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Lake Elmo’s water line supported through state bonding bill
Last week local and state officials celebrated the passage of legislation that will award the city of Lake Elmo $3.5 million in state bonding to build a 2 1/2-mile water main line down Inwood Avenue to the Interstate 94 corridor.
The new water line, set for construction in 2015, will bring clean, potable water from northern Lake Elmo to residents living in the city’s southwest quadrant - an area affected by perfluorochemical (PFC) groundwater contamination.
Several state legislators reached across the aisle in a bipartisan effort that culminated on May 16 when the bill passed through both the House and Senate. The legislation became official on May 20, when Gov. Mark Dayton signed it into law as part of the state’s $1.17 billion bonding bill.
“When it came to clean water, these legislators put their partisan differences aside and worked together to do the right thing,” Mayor Mike Pearson said in a written statement. “In all we had over 70 meetings with legislators and testified in three hearings to stress the importance of this project.”
While there was a myriad of elected officials, city staff, agency officials and private citizens who lobbied to make legislation possible, Sens. Susan Kent (DFL-Woodbury) and Karin Housley (R-St. Mary’s Point) led the cause in the Senate and Reps. Kathy Lohmer (R-Stillwater) and JoAnn Ward (DFL-Oakdale) commanded efforts in the House.
“I’m so excited about it. We worked really hard to make this happen,” Ward said. “It will be a real benefit to people in town and in the surrounding areas.”
City administrator Dean Zuleger was at the state capitol until the wee hours of the morning when the House passed the legislation, which he called “a real game changer for Lake Elmo.”
“Building a hydrologically functional water system in one swoop is a tough thing to do, but we are going to be able to do that now,” he said. “We are excited about getting clean water in sooner than later.”
Mayor Pearson’s hard work on the project and determination to see it through has been steadfast since November, according to Zuleger. But Pearson noted that it was a team effort.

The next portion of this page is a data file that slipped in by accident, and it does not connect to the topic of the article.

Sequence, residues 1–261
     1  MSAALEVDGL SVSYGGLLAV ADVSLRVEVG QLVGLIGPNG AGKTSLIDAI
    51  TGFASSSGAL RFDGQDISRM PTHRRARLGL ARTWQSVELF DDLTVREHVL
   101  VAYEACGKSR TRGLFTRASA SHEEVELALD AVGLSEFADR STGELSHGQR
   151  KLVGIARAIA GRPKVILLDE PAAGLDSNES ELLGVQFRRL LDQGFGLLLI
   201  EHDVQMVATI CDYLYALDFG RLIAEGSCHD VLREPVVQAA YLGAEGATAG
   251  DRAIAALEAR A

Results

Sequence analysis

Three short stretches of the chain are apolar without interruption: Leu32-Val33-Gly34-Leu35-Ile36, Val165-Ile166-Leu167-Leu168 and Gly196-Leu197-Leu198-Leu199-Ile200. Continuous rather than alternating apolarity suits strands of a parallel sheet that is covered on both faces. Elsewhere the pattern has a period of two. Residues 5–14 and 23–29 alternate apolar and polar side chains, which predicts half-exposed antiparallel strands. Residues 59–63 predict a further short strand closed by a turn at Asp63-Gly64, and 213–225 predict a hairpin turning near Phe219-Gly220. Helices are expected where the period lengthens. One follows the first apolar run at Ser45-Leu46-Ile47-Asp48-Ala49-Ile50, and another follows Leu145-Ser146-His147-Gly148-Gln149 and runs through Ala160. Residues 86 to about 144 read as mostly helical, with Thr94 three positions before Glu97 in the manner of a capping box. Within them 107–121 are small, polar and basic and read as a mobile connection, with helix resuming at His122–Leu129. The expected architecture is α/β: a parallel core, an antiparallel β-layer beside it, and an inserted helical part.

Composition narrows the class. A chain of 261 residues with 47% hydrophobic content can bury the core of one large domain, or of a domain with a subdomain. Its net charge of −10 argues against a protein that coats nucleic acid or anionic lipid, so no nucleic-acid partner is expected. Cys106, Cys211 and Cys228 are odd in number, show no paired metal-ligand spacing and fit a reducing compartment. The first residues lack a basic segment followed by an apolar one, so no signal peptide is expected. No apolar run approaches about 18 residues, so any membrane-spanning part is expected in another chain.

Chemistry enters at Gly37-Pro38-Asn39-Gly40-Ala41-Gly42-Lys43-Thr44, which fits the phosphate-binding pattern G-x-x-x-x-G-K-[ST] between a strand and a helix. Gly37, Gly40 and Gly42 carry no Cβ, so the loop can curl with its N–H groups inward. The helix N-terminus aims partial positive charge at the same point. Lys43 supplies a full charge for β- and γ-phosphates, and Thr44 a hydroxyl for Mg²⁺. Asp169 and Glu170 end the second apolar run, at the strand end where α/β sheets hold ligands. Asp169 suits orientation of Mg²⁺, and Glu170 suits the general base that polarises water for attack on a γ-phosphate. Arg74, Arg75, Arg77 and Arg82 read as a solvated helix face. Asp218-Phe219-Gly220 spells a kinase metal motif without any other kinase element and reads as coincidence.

“Everyone that we asked to help just pitched in right away, including notables like Chef John Schiltz of the Lake Elmo Inn, Ed Gorman of Gorman’s Restaurant, Julie Bunn, Julie Fliflet and Jim Leonard from Fury Motors,” Pearson wrote. “This was really a full team effort that will make our community stronger. In addition, our ability to work with legislators and state agencies may help us to shed our old image of being difficult to work with as a community. In many ways this bonding bill represents a new day for Lake Elmo.”
In a later interview, Pearson added that he would have felt satisfied that all people involved gave it their best effort regardless of the outcome, noting that the process of lobbying for state funds for the project began last fall and continued until last week. He said he was “very pleased” and “relieved” that the project received funding, when so many other projects that also have merit were left out of the bill.
“It was certainly a rollercoaster. At a certain point in time we all felt confident, pessimistic and modestly hopeful,” he said. “In the end we were just fortunate enough to be successful.”
Pearson said the city council would soon advertise for bids for the project on Inwood. A next step, he said, would be coming together as a council to secure funding for a second water main line to be constructed along Lake Elmo Avenue. That line will run from the village water tower to the proposed Fifth Street intersection at Lake Elmo Avenue. The $3.5 million in state funding the city has been awarded will cover nearly 40 percent of the cost of both projects, which will include a new water tower at the corner of Inwood Avenue and 10th Street.
In the meantime, city staff will have to fill out a stack of paper work to access the state funds. Zuleger said he anticipates the Inwood project would begin next spring.
Joshua Nielsen can be reached at firstname.lastname@example.org or 651-748-7822.